The Russian landscape continues to be as enchanting as it is brutal. From Morzko's hidden home in the woods, to the various villages and settlements Vasya visits, and finally to the palaces and towers of Moscow, this fairy tale world never gets old. I continue to find myself utterly lost in this book's expertly crafted atmosphere. I have never read a book that gave me such vivid feelings of winter's cold or the warmth of a fire/oven. The supernatural elements are all handled in such a way that the different spirits feel like they are a part of the land itself, yet also entirely otherworldly. I could probably spend a whole book inside of Morozko's house and never get bored given how Arden handles these elements (though that would certainly fly a bit in the face of her themes around freedom and embracing one's more wild side). I can't wait to see what other aspects and corners of this world are explored in the final book of this trilogy.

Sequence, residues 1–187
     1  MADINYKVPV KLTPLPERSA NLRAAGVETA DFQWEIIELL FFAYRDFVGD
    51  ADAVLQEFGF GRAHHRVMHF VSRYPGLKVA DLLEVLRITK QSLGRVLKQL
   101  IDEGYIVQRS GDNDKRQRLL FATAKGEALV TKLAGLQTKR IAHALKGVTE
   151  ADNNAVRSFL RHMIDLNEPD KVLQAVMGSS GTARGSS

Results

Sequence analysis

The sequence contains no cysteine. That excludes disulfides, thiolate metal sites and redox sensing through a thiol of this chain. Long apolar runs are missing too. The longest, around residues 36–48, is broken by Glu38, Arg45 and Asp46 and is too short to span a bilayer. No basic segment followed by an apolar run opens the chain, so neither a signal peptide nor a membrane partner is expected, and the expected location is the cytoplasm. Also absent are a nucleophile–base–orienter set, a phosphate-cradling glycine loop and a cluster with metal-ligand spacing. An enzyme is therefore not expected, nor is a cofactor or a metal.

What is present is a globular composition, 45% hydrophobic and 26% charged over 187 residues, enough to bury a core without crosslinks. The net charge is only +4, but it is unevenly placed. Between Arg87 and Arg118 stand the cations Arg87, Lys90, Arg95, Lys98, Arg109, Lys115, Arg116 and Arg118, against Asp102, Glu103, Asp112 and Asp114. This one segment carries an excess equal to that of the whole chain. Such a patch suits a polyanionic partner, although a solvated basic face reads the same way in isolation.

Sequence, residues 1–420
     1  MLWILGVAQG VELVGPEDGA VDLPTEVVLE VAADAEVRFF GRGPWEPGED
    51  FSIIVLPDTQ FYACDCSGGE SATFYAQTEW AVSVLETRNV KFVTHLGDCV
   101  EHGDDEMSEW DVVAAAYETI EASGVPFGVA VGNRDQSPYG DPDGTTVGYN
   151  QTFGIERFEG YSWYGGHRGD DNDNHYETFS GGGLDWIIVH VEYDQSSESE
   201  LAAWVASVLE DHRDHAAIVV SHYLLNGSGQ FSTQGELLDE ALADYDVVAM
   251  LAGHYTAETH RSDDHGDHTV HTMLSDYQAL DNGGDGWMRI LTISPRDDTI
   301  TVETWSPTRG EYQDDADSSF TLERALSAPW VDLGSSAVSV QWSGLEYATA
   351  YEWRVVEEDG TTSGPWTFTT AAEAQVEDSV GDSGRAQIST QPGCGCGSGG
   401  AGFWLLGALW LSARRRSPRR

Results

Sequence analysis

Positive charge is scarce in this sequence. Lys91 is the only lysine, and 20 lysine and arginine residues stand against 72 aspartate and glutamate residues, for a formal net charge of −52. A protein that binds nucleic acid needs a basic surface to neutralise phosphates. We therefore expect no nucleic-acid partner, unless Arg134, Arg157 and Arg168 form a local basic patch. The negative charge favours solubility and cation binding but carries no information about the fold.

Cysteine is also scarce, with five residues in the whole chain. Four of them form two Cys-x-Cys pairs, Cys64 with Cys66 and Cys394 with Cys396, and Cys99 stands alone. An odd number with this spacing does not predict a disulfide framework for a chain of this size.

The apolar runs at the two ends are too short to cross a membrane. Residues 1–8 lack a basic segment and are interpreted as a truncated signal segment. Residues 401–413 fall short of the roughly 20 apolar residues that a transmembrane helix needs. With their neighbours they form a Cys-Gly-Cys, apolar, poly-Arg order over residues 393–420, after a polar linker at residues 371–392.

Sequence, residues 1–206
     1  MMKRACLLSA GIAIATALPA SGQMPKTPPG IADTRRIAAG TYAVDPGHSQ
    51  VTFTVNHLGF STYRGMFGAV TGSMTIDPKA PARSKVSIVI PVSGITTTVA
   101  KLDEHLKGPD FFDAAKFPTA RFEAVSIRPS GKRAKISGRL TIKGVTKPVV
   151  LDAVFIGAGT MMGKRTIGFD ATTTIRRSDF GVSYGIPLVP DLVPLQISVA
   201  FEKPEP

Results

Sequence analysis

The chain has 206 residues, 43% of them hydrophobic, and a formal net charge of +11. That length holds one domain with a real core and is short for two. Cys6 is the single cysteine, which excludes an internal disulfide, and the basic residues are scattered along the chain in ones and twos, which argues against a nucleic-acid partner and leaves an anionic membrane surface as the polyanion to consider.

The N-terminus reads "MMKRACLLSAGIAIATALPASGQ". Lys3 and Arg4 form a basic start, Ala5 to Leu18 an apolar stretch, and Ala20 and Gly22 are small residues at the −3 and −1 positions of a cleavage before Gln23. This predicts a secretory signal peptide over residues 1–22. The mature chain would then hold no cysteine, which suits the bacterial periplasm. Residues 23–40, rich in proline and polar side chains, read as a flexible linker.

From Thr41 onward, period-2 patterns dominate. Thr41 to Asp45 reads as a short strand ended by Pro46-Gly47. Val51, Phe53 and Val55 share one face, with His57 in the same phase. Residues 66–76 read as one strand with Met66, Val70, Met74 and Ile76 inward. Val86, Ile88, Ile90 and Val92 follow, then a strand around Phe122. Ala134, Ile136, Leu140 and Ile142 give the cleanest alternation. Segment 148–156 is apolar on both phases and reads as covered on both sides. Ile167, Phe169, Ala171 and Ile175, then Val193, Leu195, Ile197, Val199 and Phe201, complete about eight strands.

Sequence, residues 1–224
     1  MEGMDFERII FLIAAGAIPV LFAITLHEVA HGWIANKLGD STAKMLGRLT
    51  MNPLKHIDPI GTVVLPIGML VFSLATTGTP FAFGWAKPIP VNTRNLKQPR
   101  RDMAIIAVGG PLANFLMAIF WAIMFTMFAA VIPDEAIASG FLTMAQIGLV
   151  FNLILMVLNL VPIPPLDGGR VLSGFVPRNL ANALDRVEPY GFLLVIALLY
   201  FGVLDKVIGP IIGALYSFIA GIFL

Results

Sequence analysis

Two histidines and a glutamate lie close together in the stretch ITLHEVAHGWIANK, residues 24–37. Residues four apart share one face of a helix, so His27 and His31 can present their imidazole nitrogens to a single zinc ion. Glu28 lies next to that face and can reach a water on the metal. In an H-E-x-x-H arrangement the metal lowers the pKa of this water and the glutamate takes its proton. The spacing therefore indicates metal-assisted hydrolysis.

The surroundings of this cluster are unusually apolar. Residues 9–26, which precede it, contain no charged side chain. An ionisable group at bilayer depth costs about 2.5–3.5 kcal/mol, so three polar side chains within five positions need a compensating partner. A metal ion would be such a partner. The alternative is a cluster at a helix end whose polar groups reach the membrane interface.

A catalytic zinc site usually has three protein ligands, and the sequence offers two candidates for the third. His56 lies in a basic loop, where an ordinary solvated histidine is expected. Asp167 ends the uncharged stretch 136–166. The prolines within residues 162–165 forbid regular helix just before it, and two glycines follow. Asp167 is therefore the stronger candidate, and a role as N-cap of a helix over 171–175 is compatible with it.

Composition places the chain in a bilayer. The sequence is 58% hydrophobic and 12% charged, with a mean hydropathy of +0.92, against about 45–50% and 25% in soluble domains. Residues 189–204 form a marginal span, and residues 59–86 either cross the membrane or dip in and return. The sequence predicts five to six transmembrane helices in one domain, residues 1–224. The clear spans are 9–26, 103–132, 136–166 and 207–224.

One minor complaint I had was that the layout of Moscow confused me, particularly during the story's climax where I had a hard time figuring out where exactly Olya's tower was in relation to Dmitri's palace. Having a map of some kind, especially for this city would have been really nice, although the geography isn't all that impactful or hard to follow much for most of the story. 

These books have some beautiful trade paperback editions that look great together on a shelf. The fonts and formatting are all nice and I love the divider pages that distinguish each act/part of the story. I also think it's neat that the back of the book provides some bonus content on Russian names, topics for conversation, and some lovely notes from the author.